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FAO/UNEP/UN-Energy Bioenergy Decision Support Tool -
MODULE 3: Implementation and Operation
allocated funds” (OECD, 2010). To evaluate the effectiveness of
these and other similar programs, different monitoring approaches
can be used, and these are discussed briefy below.
For certain bioenergy policies, community and participatory
monitoring and evaluation can be a very powerful tool that directly
engages with affected communities where projects are being
implemented. Participatory monitoring involves “involves local
benefciaries in measuring, recording, collecting, processing and
communicating information to assist local development project
extension works and local group members in decision making”
(FAO, 2004)
Many types of national policies are results based in the sense
that there are benchmark indicators that indicate that certain
goals have been met. For example, if a government is initiating a
bioenergy policy to complement a Millennium Development Goal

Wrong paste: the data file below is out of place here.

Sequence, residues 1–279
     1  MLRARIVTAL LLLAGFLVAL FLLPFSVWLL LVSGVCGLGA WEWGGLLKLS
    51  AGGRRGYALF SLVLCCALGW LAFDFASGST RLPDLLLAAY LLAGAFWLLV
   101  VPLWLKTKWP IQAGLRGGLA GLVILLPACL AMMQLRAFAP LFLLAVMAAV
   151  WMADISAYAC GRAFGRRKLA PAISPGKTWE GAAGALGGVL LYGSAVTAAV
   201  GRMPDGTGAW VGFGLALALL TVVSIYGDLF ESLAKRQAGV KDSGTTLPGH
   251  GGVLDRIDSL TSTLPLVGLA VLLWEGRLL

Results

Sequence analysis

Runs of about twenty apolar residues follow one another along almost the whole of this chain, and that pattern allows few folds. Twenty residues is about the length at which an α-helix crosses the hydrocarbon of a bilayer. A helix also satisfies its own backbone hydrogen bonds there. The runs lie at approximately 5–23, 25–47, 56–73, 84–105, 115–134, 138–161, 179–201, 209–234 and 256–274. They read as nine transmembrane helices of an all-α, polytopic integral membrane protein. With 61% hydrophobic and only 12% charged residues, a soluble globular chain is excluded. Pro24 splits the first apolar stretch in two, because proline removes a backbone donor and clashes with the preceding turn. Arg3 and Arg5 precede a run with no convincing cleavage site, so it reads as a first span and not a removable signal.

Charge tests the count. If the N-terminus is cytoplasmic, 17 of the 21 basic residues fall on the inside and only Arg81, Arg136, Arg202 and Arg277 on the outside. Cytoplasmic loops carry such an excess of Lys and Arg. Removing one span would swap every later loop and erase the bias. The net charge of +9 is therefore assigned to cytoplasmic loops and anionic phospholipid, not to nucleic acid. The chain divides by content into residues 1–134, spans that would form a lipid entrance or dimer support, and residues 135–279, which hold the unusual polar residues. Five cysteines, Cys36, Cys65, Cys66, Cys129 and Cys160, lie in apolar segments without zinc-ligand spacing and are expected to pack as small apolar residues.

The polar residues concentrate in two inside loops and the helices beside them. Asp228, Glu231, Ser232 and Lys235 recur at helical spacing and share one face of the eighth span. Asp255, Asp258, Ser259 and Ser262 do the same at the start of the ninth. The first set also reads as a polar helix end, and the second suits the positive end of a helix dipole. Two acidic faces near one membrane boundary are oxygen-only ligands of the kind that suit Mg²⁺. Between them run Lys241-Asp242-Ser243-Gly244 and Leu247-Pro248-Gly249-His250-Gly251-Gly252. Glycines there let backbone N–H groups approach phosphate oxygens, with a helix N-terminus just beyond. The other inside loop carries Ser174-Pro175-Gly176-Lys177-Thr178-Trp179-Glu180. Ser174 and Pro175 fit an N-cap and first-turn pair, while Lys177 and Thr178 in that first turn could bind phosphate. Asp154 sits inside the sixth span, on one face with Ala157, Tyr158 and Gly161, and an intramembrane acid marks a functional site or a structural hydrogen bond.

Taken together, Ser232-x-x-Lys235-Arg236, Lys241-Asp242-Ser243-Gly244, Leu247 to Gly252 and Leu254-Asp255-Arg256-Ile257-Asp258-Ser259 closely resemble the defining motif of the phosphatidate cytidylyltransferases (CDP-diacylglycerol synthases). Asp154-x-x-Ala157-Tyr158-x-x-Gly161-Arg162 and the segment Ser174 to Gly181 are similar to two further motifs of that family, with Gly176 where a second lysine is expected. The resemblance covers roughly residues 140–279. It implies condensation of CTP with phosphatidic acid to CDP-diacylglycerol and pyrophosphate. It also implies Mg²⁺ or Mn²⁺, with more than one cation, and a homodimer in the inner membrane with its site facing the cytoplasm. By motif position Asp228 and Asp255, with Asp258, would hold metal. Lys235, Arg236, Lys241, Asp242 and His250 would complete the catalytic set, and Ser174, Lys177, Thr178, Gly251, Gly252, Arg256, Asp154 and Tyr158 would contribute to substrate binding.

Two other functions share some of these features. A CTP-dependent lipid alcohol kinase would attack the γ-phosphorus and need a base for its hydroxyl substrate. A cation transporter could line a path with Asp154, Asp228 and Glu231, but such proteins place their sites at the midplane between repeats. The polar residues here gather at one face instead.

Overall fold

(MDG), the performance indicator would be the development
measurement that goal tried to achieve (one example of this could
be 15% reduction in rural energy poverty). If a government has
implemented a policy towards the achievement of a development
goal, like the example above, this would be suitable for a
performance based monitoring approach.
Evaluations provide a systematic assessment of a particular policy
and/or program. Evaluations are complementary to monitoring
systems and can be defned as a process that determines
“the worth or signifcance of a development activity, policy or
program—to determine the relevance of objectives, the effcacy
of design and implementation, the effciency or resource use,
and the sustainability of results” (World Bank, 2010). Although
the type of evaluation will differ depending on the MMRE strategy
outlined, evaluations can assess the effectiveness, impact and
unintended impacts of a policy/program; process evaluations,
impact evaluations, cost-beneft analyses and theory-based
evaluations are all examples of different types of evaluations
to consider when designing an MMRE strategy. There should
also be channels that link evaluations and results as feedback
mechanisms that provide public policy “learned lessons” for future
policy development and program development.